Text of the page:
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Gold is done falling and the Fed’s announcement can’t change that – Kitco’s gold price


(Kitco News) – One thing Wall Street agrees on when it comes to the gold market next week is that the precious metal is unlikely to fall when the Federal Reserve makes its accelerated tapering announcement, according to Kitco’s gold price survey.

The 13 participating analysts on the Wall Street side were largely split between higher gold prices and sideways price action next week, with 46% in each camp. The remaining 8% said that prices could decline.

The Main Street side was more decisively optimistic. Out of the 1,039 participating retail investors, 53.6% were bullish on prices next week, 23.9% were bearish, and 22.5% were neutral, Kitco’s survey showed.

The main event to watch will be Wednesday’s Federal Reserve interest rate announcement. Markets have already largely priced in an accelerated tapering schedule after the central bank Chair Jerome Powell dropped “inflation is transitory phrase” and testified in front of the U.S. Congress that a more aggressive tapering might be in order.

Gold is ending the week flat, with February come gold futures last trading at $1,784.30, up 0.43% on the day.

This week investors were zeroed in on the latest U.S. inflation number, which was the determining factor ahead of the FOMC meeting.

The November data showed U.S. consumer prices rising at the fastest annual pace in nearly 40 years, up 6.8%. However, the monthly change was smaller than in October, rising 0.8%, giving the markets hope that price pressures could be peaking.

“I’m bullish on gold next week. There is a lot that is baked into the cake already. People know what the Fed is going to do. We’ve heat peak inflation. And those inflation expectations will start to come down, and Fed will be tightening into a slowing economy. You’ll see bond yields dip lower, and the dollar index will soften. Gold is a better place to be at the moment. Same with silver,” Blue Line Futures chief market strategist Phillip Streible told Kitco News.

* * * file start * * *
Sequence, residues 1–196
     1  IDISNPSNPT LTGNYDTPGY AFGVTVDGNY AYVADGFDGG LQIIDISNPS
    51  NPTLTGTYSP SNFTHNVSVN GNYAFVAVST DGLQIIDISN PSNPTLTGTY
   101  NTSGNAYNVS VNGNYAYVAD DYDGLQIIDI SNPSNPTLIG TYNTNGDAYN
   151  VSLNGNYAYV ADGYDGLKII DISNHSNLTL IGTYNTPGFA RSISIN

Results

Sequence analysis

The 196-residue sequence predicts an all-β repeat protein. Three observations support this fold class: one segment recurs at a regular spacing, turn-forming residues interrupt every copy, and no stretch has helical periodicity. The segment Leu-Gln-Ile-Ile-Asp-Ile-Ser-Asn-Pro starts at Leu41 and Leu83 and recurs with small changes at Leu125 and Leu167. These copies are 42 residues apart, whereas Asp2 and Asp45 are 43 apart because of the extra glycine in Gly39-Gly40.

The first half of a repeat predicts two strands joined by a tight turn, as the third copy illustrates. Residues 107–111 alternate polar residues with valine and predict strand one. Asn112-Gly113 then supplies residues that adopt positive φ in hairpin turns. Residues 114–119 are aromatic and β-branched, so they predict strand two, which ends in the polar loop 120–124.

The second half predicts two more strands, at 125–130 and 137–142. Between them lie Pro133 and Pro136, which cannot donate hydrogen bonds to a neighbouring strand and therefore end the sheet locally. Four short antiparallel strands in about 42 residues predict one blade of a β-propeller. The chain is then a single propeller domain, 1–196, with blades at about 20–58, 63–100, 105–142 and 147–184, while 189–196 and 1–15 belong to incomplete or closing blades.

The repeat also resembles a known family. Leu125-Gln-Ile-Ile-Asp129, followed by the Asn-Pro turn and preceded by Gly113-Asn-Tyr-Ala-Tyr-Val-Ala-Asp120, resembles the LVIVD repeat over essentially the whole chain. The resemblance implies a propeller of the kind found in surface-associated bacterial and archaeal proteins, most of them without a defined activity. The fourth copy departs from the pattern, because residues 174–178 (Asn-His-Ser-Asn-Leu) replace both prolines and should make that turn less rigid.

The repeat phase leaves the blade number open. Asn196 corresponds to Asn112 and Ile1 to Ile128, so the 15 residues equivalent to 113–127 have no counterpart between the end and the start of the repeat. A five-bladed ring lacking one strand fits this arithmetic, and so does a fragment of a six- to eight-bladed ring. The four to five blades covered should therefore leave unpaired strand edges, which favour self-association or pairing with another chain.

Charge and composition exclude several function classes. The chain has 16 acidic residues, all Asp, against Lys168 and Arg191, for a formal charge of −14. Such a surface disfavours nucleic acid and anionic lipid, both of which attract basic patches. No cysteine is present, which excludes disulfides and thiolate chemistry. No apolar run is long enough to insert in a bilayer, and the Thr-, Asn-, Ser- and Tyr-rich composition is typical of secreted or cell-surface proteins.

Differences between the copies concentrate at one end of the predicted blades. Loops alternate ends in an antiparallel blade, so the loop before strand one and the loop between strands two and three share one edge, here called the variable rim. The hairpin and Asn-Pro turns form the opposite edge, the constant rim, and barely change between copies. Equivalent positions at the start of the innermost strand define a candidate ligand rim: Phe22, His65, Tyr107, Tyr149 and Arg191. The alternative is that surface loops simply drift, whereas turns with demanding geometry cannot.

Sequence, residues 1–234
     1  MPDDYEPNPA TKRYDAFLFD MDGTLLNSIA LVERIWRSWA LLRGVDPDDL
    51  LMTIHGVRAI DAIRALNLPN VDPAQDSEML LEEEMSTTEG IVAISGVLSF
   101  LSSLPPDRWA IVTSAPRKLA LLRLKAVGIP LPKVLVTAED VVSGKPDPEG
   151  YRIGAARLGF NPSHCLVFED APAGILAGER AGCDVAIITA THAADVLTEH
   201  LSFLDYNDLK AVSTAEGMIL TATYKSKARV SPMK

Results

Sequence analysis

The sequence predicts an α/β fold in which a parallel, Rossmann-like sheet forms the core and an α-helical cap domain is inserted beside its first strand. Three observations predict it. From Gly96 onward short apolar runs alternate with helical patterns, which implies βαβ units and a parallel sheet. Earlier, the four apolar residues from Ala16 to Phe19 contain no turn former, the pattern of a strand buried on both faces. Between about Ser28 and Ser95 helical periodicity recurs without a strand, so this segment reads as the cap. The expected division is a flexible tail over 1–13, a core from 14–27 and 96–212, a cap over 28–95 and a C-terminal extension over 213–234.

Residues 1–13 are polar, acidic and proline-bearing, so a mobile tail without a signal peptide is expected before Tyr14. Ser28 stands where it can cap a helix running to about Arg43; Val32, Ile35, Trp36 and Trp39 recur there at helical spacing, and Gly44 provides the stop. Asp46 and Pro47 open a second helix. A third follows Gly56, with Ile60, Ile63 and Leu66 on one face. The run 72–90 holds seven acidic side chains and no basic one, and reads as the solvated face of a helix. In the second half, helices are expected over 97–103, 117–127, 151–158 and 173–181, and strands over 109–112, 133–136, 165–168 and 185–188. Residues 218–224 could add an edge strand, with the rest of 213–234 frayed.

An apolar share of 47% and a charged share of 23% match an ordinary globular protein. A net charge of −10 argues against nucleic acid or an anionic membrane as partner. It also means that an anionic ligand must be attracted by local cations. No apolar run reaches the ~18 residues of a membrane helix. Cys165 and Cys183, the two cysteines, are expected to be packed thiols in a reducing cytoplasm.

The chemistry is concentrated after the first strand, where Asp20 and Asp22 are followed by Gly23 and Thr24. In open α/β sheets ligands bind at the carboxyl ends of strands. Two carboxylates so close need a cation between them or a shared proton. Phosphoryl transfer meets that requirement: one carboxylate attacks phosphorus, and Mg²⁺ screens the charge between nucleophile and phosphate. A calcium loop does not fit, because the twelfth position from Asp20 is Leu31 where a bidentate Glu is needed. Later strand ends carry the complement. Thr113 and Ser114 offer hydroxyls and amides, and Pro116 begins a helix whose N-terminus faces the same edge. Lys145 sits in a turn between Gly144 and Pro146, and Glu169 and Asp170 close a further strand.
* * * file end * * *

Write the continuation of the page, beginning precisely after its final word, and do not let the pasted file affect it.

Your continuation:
Plus, with inflation hitting the highest level since 1982, investors are bound to finally turn towards gold for protection, said Adrian Day Asset Management president Adrian Day.

“More and more investors realize that inflation is real and will be more persistent than the original narrative; and equally that the Federal Reserve, the European Central Bank and other major central banks are seriously lagging in fighting a phenomenon that they don’t believe exists,” Day said.



At the end of the day, the Federal Reserve is boxed in and will have to let the economy run hot before raising rates, said RJO Futures senior commodities broker Daniel Pavilonis.

“The U.S. economy will continue to pump more money out. Inflation will move higher. But the Fed doesn’t want to do anything to rock the U.S. stocks market. So, it will be hesitant to raise rates next year,” Pavilonis said.

Next week, gold’s initial resistance level will be $1,794 an ounce, said Darin Newsom Analysis Inc. president Darin Newsom.

“The February contract looks to be moving into Wave 3 of its 5-wave short-term uptrend. Initial resistance is at this week’s high of $1,794.30. Once this is taken out, the next upside target is near $1,808.00,” Newsom explained.

One of the analysts bearish on gold next week said that the hawkish Federal Reserve was the reason for this outlook. “I like gold lower next week on a hawkish FOMC. Gold turned back from the 200-day moving average (~$1794), 20-day moving average ~$1803,” said Bannockburn Global Forex managing director Marc Chandler.

Disclaimer: The views expressed in this article are those of the author and may not reflect those of Kitco Metals Inc. The author has made every effort to ensure accuracy of information provided; however, neither Kitco Metals Inc. nor the author can guarantee such accuracy. This article is strictly for informational purposes only. It is not a solicitation to make any exchange in commodities, securities or other financial instruments. Kitco Metals Inc. and the author of this article do not accept culpability for losses and/ or damages arising from the use of this publication.



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